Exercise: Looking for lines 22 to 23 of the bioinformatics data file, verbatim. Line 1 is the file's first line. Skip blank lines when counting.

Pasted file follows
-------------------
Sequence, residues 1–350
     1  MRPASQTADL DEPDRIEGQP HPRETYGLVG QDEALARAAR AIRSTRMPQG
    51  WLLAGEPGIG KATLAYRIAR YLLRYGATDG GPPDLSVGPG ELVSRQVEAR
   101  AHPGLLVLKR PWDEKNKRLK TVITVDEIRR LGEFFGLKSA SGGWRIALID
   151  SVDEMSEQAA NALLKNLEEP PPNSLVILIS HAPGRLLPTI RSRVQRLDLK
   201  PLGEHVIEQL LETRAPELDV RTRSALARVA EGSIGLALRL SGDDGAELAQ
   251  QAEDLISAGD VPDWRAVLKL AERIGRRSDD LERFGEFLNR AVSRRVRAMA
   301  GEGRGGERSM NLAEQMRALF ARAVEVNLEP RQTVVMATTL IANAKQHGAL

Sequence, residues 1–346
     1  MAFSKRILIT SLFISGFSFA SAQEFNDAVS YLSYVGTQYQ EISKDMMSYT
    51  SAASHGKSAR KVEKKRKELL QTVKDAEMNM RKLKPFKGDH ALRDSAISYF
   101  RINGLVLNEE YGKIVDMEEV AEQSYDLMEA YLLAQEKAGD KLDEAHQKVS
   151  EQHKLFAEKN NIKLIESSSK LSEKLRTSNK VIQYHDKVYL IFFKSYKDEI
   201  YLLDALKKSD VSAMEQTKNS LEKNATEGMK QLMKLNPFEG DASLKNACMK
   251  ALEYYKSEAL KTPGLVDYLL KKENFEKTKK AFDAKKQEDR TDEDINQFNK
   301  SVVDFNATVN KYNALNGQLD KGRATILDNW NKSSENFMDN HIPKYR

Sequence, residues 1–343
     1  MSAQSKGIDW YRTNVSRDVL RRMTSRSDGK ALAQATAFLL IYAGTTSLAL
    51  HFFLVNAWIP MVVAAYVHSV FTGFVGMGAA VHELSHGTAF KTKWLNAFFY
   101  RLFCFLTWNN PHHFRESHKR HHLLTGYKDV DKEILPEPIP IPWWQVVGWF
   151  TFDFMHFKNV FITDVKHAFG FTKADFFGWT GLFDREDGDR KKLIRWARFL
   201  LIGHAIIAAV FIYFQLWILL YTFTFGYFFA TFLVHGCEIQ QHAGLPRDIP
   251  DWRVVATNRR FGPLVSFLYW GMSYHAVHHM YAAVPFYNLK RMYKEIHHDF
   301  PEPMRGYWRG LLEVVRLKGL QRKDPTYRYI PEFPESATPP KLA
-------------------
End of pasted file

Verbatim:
   201  LIGHAIIAAV FIYFQLWILL YTFTFGYFFA TFLVHGCEIQ QHAGLPRDIP
   251  DWRVVATNRR FGPLVSFLYW GMSYHAVHHM YAAVPFYNLK RMYKEIHHDF